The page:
via Wikimedia Commons
While Milwaukee is known for craft breweries and cheese, it also has an eclectic concert scene. Seventy-five-acre Henry Maier Festival Park is annually home to Summerfest, and large concerts are frequently held at athletics stadiums like Miller Park and the newly-built Fiserv Forum.
For students on a budget, attending shows at large arenas is often outside their means. Fortunately, Milwaukee is home to a wide variety of unique and wallet-friendly venues as well.
Erin McDermott, a junior in the College of Communication, said she usually goes to concerts in the Milwaukee area once a month. She said her favorite concert setting in the city is the Back Room at Colectivo Café on Prospect Avenue, on Milwaukee’s north side.
While the Colectivo location appears from the outside to just be a hip coffee shop, an attached room in the back features a fun, trendy atmosphere complete with plants, McDermott said.
McDermott explained that smaller venues like the Back Room have a unique ambiance. The intimate atmosphere most popularly draws indie and indie-rock bands.
Similar to the Back Room at Colectivo but “more grunge and obscure” is the Bay View area live music venue Cactus Club, McDermott said. She went to Cactus Club to see Chicago-based psychedelic rock band Post Animal on a snowy April day last year. As a devout concert-goer, she braved the storm even while her friends could not make it out.
“That was the first concert I had ever been to by myself, and that was actually one of the most amazing experiences of my life,” McDermott said. “It was so freeing and weird to be at a show by yourself, but I highly recommend it.”
Gabe Andrzejek, a junior in the College of Engineering, also frequents concerts around Milwaukee. He said he appreciates that some large, popular names visit smaller venues. Attending smaller venues makes the concert experience cheaper and gives it a more personal feel, he said.
Andrzejek also said that a favorite venue of his is the Rave/Eagles Club. Located on Wisconsin and 24th Street, the Rave is within walking distance of campus and serves as an extremely popular venue for students to see their favorite artists perform.
“The Rave is probably the best in the area for it you’re going to see a concert because it has a legacy and a history behind it, and they constantly have good names,” Andrzejek said.
Last October, Andrzejek attended a concert at the Rave to see American hip hop collective A$AP Mob.
“The A$AP Mob concert was a lot of fun. It was something me and my friends decided to do last minute so it was just spontaneous and on the fly,” he said. “So, we did that, went out, had a good time, and overall the performance was really good.”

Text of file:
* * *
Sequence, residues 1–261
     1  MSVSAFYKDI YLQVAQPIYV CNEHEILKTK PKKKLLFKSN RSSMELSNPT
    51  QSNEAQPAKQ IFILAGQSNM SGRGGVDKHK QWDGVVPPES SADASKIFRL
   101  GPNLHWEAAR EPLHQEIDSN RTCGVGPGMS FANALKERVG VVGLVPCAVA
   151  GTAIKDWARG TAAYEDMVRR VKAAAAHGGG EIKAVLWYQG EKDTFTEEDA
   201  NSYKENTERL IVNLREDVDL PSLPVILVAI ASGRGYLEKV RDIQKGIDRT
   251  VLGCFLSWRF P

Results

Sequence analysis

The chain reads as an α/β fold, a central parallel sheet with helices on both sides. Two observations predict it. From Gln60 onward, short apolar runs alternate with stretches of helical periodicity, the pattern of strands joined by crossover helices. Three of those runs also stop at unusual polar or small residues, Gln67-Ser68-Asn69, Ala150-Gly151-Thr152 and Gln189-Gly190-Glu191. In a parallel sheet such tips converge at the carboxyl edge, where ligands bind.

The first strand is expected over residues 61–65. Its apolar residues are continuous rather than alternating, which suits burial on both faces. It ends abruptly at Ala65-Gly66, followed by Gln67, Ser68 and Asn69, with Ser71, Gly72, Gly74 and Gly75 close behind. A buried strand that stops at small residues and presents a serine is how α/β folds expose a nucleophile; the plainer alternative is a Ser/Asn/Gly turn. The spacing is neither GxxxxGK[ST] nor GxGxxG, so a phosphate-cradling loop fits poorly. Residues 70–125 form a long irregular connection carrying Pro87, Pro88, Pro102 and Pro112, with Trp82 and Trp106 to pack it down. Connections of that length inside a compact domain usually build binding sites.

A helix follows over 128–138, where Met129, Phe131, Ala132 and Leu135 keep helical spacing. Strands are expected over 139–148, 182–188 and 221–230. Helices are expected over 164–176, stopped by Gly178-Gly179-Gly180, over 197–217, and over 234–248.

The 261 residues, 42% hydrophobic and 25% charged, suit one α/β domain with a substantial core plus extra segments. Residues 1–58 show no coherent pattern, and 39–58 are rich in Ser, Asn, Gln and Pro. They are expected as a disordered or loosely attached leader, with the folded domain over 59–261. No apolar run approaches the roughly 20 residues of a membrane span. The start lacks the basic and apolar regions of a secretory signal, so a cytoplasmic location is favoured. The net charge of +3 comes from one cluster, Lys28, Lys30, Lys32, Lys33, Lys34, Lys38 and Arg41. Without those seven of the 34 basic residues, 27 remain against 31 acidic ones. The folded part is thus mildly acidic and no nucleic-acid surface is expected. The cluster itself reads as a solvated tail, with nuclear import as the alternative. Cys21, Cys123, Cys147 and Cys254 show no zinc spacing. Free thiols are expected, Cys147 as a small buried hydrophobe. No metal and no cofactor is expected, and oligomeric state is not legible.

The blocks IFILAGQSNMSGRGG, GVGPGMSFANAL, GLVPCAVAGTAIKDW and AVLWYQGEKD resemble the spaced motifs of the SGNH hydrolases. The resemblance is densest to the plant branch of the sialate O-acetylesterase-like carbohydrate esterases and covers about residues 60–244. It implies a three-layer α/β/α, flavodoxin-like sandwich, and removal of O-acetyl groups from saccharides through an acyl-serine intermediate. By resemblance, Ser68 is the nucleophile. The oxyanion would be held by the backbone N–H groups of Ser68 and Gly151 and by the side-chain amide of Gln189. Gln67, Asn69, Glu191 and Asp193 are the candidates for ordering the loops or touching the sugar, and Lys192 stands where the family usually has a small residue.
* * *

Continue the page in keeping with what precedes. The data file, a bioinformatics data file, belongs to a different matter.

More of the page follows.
Two weekends ago, Hannah Van Der Karr, a sophomore in the College of Communication, saw pop musician Troye Sivan at the Rave. A group of her friends made a five-hour trip from Indiana University to join her. Being able to experience and enjoy the music with friends made this concert her favorite, Van Der Karr said.
Van Der Karr has plans to visit the Rave again November 27 to see Bastille and Young the Giant perform in the FM 102/1 Big Snow Show 13.
The Rave is not the only place Van Der Karr has visited to enjoy music. She attended a concert at the Pabst Theater last spring, seeing Todrick Hall April 11. Like McDermott, Van Der Karr ended up going stag, the result of a Wednesday night impulse ticket buy and a dedication to Hall’s music unmatched by her friends.
“I was front row — I was literally next to the stage — I touched his hand … The show itself was incredible,” she said.
This type of intimate concert experience is much less possible at larger venues such as Miller Park and Fiserv Forum.
Many of the concert venues are owned by one company. The Pabst Theater Group is the overarching owner of the Pabst Theater, Turner Hall, the Riverside Theater and the Backroom at Colectivo. McDermott found that the group is very organized and creates concert experiences beneficial not only to the patrons but to the acts as well.
To explain her feelings on concerts in Milwaukee, McDermott compared a nearby city she was familiar with. McDermott said that while the Chicago music scene provides a large number of venues to experience a vast variety of music, concerts there, in her experience, are nowhere near as intimate as the ones in Milwaukee.
Van Der Karr agreed. “The more intimate feel that Milwaukee brings is a lot more representative of what I want my concert experience to be like,” she said.